Iran writer reviews nation's struggle in 100 yrs

In her latest novel "Eskandar"


When Iranian opposition writer Zepa Shakib faced difficulties when she wanted to return back home to make a field visit to areas that were the scenes of her novel "Eskandar", she had no choice but to unleash her imagination to review the historical events and social developments in Iran over a hundred years.

Eskandar, the hero of the novel who lived in a remote village, began his first day in the novel by watching a group of blond foreigners from the window of his poor cottage. He later discovered that they were but a group of British oil workers. He joined them first as a worker and later became an activist against them for looting the wealth of his country.

In an interview with Al Arabiya, Shakib said that the discovery of oil led to an acceleration of events in Iran. "One hundred years ago, the historical events in our country were going slowly, but with the discovery of oil, the situation was different. The constitutional revolution, the formation of the parliament and the overthrow of the ruling Qajari and Pahlavi regimes, in addition to the coup against Mohammed Mossadeq, the local uprisings, the nationalization of oil and the February 1979 revolution all occurred during the past hundred years," she said.

Shakib added that the "hero of the novel had lived all those events and participated in the national struggle for achieving freedom and democracy in the country. His grandchildren followed his path as Iran is currently passing through very sensitive circumstances."

Shakib recalled the latest protests that followed the presidential election and said that the Iranians had made great progress. "At least the authorities are no longer able to restore the situation as it was before the election. The morning that followed the election was completely different than the previous day and formed an important turning point in the history of our country."

As a writer and filmmaker, I do my best to act as a bridge to link my nation to my audience and readers, like many other Iranian expatriates

Iranian writer Zepa Shakib


Shakib was not just a mere watcher of what was happening on the Iranian arena. She participates in organizing protests in her exile. She also takes part in seminars on the developments in Iran. She tries to act as a bridge to link her nation with the outside world, at a time when the Iranian authorities spread a kind of blackout on media, according to her.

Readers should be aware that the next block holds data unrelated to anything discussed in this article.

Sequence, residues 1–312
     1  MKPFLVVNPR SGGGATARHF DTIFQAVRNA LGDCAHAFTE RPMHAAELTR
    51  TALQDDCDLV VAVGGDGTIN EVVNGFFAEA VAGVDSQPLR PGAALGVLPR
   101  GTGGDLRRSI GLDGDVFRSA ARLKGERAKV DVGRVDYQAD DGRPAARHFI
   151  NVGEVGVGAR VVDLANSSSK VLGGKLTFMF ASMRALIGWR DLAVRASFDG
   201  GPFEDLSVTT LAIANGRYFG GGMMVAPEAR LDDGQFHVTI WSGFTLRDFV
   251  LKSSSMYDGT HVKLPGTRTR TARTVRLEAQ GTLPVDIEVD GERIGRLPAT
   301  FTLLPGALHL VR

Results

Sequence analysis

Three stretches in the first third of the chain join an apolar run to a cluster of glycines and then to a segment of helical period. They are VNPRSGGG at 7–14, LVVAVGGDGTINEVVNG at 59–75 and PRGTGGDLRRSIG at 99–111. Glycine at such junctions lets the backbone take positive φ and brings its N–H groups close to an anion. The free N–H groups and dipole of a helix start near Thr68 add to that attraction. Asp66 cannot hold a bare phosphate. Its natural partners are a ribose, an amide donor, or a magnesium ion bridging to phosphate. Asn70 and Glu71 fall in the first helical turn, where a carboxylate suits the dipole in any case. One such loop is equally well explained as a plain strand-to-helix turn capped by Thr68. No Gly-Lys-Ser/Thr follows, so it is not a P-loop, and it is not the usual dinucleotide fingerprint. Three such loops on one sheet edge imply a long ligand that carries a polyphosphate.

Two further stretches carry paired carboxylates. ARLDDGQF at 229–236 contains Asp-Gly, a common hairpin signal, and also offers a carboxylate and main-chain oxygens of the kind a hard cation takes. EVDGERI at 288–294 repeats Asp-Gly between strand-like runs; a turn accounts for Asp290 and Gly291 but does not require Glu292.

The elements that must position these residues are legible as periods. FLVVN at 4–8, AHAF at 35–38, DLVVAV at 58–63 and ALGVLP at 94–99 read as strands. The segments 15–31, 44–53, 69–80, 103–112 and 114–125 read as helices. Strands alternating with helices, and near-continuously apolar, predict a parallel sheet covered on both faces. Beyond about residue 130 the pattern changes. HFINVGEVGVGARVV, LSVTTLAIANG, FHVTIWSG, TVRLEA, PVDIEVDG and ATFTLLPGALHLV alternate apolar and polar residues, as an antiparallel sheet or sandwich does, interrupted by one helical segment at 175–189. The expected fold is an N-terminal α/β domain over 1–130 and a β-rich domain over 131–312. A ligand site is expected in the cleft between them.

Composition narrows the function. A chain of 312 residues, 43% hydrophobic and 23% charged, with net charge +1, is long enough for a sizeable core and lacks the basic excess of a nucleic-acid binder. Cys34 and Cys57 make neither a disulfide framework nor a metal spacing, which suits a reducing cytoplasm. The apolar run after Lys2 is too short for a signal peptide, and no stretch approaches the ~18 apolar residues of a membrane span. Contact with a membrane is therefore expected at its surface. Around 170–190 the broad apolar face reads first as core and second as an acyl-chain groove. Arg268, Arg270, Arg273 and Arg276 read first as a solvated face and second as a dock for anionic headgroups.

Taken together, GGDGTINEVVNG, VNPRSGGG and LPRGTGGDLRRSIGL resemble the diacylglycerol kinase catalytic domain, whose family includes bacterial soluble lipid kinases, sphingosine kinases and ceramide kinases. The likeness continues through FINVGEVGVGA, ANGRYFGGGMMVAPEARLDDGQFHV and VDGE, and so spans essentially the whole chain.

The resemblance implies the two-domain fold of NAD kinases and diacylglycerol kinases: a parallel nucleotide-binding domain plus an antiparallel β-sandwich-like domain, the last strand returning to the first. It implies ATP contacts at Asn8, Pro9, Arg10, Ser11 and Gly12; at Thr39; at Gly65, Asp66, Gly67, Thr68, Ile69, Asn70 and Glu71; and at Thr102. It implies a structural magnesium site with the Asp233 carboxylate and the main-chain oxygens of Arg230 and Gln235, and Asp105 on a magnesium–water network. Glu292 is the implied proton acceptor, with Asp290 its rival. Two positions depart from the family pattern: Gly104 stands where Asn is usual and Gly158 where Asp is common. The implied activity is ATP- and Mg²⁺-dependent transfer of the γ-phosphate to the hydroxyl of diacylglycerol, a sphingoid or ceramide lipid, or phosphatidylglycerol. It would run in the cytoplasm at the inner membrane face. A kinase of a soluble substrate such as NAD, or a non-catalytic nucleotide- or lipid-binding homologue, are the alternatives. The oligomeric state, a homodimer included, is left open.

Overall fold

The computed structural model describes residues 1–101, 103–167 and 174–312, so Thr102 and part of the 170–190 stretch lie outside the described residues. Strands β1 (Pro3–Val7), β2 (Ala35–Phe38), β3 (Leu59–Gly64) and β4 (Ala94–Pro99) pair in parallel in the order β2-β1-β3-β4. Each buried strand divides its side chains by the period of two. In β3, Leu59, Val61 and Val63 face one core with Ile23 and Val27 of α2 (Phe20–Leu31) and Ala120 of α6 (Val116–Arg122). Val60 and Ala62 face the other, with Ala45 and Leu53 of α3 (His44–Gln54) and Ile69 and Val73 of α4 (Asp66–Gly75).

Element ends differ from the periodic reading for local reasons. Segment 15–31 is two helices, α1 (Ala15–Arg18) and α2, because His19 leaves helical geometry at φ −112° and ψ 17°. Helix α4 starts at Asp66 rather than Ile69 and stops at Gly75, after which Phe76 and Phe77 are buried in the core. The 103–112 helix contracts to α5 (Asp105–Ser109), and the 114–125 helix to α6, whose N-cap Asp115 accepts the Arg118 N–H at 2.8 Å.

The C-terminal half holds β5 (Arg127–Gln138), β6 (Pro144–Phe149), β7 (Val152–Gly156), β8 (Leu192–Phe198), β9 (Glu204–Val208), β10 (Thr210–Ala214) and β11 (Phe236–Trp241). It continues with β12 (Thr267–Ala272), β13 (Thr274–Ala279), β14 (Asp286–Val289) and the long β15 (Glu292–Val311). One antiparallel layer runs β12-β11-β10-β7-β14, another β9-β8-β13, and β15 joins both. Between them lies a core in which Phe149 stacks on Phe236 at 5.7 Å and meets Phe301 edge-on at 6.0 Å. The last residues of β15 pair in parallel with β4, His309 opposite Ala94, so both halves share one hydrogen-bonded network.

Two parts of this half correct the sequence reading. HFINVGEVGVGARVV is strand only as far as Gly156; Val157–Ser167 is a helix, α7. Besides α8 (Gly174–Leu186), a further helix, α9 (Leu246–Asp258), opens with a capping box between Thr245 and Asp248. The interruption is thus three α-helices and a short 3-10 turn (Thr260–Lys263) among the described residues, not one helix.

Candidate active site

"As a writer and filmmaker, I do my best to act as a bridge to link my nation to my audience and readers, like many other Iranian expatriates," she said.

Shakib believes that wide participation of women in the recent protests is mainly due to the "development of civil society" in Iran. Women's aspirations have become so different from the previous generations where women's everyday life was limited to their household activities.

The Iranian writer questioned the slogans called for by the President Mahmoud Ahmadinejad regarding freedom and the elimination of discrimination against women. She considered the appointment of the first female minister in the history of Iran as a "showing up" move on the part of Ahmadinejad.

She referred to the broad participation of women in the latest protests and said that "a large percentage of them are now in prison and some others were killed in the streets."

She concluded by saying that "women did not only accompany men in their struggle for freedom, but they have even over-passed them like what happened during the recent protests."

Shakib writes her novels in German. She wrote a famous novel called "Samir and Semra", which reviews the plight of women in Afghanistan under the rule of Taliban. The novel was translated to 28 languages. She has also produced several documentaries on Afghanistan and she received several awards in Germany and other countries for her devotion to humanitarian issues in her works.

(Translated from Arabic by Abeer Tayel)